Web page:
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A Narnian Madlib

July 23, 2013 — 9 Comments

EVO-WWI-064-01060I got to savor one of the joys of being a grandpa today, watching over two of my five lovely granddaughters while their parents traveled to an important business meeting.

Naturally, we had fun playing, drawing, tossing a ball for their German shepherd, building things, cleaning up their room (not quite so “fun”) and—since it’s summer—playing with water balloons (extremely fun, even though I got drenched).

We also did a madlib, one of those “phrasal templates” popularized by Roger Price and Leonard Stern in the 1950s. These simple word games are entertaining and educational. And, even for novice writers, they’re not too challenging to compose. After all, the stories themselves are by nature brief and rather superficial.

Today I even set my granddaughters in front of an episode of The Powerpuff Girls so I could write a short scene from Narnia for them. You’ll find it below.

I had forgotten how much fun we had with madlibs when our own children were young. We made many up on the spur of the moment, and laughed at the silly combinations of word that resulted. The process, as most readers know, involves randomly selecting a series of words for inclusion in the narrative. With a lack of imagination, the readings can fall a bit flat, but typically you end up with some (accidentally) witty wordplay.

One of the benefits of madlibs is how they can be used more than once. While the outline of the story remains the same, of course, the choices made by readers generate amazing diversity.

Most madlibs are admittedly rather juvenile. That’s because they are written for juveniles. They rely on providing specific types of words, such as nouns or adjectives. Theoretically, you could devise a madlib as complex or sophisticated as you desire. For example, an entertaining tale certainly could doubtless be woven by including random selections for the following word choices.

____________ prime number

____________ copular verb

____________ Napoleonic regimental commander

____________ homograph

____________ life stage of a butterfly (other than larva or pupa)

____________ ditransitive verb

____________ type of psychosis

____________ infielder for 1874 Chicago White Stockings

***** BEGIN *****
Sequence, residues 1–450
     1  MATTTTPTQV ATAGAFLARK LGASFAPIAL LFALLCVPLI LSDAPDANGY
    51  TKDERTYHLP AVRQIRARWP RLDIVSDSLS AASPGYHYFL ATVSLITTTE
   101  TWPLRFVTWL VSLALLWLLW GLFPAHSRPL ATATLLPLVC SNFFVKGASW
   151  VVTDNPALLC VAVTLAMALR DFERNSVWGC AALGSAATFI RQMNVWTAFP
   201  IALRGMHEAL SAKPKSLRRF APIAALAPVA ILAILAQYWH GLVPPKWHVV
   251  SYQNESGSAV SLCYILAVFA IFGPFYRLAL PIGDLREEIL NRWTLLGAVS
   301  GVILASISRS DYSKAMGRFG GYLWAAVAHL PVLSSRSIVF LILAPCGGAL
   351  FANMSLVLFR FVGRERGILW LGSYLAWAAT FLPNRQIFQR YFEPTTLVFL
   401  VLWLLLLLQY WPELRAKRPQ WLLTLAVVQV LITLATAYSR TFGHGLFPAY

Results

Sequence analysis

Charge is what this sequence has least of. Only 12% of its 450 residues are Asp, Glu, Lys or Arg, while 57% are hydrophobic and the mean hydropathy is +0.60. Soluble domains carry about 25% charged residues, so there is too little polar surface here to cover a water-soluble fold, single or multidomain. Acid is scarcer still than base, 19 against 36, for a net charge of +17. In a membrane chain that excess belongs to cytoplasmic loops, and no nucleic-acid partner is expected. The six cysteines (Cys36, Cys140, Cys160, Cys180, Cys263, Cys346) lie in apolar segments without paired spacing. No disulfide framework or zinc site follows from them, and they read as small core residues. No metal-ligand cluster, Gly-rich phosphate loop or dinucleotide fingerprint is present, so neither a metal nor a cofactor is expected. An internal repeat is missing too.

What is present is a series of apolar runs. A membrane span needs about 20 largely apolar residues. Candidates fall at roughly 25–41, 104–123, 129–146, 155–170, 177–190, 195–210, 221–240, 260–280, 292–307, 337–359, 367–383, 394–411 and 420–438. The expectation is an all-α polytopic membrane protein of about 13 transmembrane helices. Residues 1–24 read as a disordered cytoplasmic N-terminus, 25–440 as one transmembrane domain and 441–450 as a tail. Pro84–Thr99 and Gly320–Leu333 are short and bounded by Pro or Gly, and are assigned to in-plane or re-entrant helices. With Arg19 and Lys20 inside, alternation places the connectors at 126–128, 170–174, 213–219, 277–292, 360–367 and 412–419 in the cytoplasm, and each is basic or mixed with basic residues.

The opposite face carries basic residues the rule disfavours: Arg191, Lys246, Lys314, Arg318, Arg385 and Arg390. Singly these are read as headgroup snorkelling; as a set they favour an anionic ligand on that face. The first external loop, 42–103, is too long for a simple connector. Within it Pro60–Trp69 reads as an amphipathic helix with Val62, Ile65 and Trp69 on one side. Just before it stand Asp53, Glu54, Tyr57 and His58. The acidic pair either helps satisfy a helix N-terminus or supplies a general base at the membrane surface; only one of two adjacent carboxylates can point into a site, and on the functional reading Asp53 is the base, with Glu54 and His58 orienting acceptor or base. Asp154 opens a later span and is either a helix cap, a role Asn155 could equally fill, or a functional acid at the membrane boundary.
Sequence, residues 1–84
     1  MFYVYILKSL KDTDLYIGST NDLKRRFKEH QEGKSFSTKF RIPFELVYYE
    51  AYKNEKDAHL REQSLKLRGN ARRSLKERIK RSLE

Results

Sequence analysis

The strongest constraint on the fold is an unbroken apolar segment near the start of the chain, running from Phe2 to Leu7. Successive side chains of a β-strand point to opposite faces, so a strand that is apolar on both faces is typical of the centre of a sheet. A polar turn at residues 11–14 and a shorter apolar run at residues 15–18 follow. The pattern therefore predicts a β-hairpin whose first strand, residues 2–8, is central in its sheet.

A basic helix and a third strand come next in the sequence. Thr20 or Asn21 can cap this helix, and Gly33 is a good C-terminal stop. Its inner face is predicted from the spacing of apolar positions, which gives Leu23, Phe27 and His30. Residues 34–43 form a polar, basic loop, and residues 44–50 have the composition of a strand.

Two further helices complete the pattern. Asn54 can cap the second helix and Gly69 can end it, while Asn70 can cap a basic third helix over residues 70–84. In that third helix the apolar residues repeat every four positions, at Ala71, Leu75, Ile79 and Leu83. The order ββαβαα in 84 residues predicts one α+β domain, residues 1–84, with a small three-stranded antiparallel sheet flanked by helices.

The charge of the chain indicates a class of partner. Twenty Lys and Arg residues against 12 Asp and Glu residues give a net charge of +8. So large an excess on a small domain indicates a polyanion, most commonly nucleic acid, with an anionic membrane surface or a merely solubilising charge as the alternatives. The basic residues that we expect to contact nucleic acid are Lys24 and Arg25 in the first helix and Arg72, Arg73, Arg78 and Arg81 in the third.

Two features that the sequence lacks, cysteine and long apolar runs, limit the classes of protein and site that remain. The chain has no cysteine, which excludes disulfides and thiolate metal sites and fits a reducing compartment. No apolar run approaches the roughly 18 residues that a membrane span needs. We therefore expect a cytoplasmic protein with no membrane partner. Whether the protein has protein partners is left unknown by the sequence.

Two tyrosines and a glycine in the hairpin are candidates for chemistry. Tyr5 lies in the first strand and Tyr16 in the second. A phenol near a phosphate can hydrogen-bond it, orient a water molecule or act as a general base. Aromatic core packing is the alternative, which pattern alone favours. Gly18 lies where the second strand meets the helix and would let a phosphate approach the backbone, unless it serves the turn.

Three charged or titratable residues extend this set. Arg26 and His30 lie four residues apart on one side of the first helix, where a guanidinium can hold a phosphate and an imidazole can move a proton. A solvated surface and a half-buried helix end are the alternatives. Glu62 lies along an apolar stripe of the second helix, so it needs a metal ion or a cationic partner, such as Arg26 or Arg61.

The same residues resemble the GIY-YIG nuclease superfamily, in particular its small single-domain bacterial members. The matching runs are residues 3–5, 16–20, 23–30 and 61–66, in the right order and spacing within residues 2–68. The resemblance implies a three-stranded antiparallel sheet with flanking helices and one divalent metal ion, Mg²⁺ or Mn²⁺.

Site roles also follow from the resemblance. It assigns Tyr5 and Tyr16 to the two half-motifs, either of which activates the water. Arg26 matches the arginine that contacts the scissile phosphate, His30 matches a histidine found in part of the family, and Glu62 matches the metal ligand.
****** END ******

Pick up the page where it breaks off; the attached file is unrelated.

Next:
____________ gerund

____________ rare earth mineral

____________ monotransitive verb

____________ early kabbalist (other than Bahye ben Asher ibn Halawa)

____________ type of arachnid with blue coloration

____________ free predictive

____________ reciprocal pronoun

____________ chemical process (other than esterification)

Unfortunately, I don’t have time to write the story accompanying this worthy list, but if you should write it, I’d love to read it.

There are a number of fan sites online that generate madlibs. I won’t recommend any since the ones I’ve glanced at today are merely advertising collections for sale. (I also found the examples I experimented with to be rather feeble . . . even weaker than the story I wrote today in a single hour.)

You will search in vain if you’re seeking a C.S. Lewis reference to madlibs. However, he was a master wordsmith, who recognized well their power, and greatly loved humor. The following passage, from “Prudery and Philology,”
refers to the versatility and weight of language, and includes a valuable caution.

We are sometimes told that everything in the world can come into literature. This is perhaps true in some sense. But it is a dangerous truth unless we balance it with the statement that nothing can go into literature except words, or (if you prefer) that nothing can go in except by becoming words. And words, like every other medium, have their own
proper powers and limitations.

The brief tale below is not pretentious, so you need not fear it exceeding its limitation. It simply is what it is . . . one grandfather’s passing literary adventure with his grandchildren.

It you like “Sharpbeak’s Narnian Adventure,” you’re welcome to download a PDF copy of the story I’ve appended to the end of the column. It’s 100% free, and I’m not trying to sell a collection of madlibs after hooking you. Besides, if I was trying to make a profit off of anything including the word “Narnian,” I have no doubt lawyers would be descending upon me in droves.